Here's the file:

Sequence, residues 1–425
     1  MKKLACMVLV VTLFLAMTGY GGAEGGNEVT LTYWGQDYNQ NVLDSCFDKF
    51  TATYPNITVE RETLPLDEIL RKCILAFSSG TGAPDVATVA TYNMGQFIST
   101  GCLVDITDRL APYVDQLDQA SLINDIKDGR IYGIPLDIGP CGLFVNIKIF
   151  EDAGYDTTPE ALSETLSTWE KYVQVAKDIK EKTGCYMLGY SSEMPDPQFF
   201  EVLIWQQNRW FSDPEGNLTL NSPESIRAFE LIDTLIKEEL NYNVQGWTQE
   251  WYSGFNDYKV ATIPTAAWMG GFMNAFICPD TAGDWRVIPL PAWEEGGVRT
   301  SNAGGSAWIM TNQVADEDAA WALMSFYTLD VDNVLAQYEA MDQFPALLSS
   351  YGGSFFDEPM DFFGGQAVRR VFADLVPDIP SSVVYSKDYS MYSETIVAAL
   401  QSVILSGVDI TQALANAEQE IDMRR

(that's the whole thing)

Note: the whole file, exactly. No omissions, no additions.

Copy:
Sequence, residues 1–425
     1  MKKLACMVLV VTLFLAMTGY GGAEGGNEVT LTYWGQDYNQ NVLDSCFDKF
    51  TATYPNITVE RETLPLDEIL RKCILAFSSG TGAPDVATVA TYNMGQFIST
   101  GCLVDITDRL APYVDQLDQA SLINDIKDGR IYGIPLDIGP CGLFVNIKIF
   151  EDAGYDTTPE ALSETLSTWE KYVQVAKDIK EKTGCYMLGY SSEMPDPQFF
   201  EVLIWQQNRW FSDPEGNLTL NSPESIRAFE LIDTLIKEEL NYNVQGWTQE
   251  WYSGFNDYKV ATIPTAAWMG GFMNAFICPD TAGDWRVIPL PAWEEGGVRT
   301  SNAGGSAWIM TNQVADEDAA WALMSFYTLD VDNVLAQYEA MDQFPALLSS
   351  YGGSFFDEPM DFFGGQAVRR VFADLVPDIP SSVVYSKDYS MYSETIVAAL
   401  QSVILSGVDI TQALANAEQE IDMRR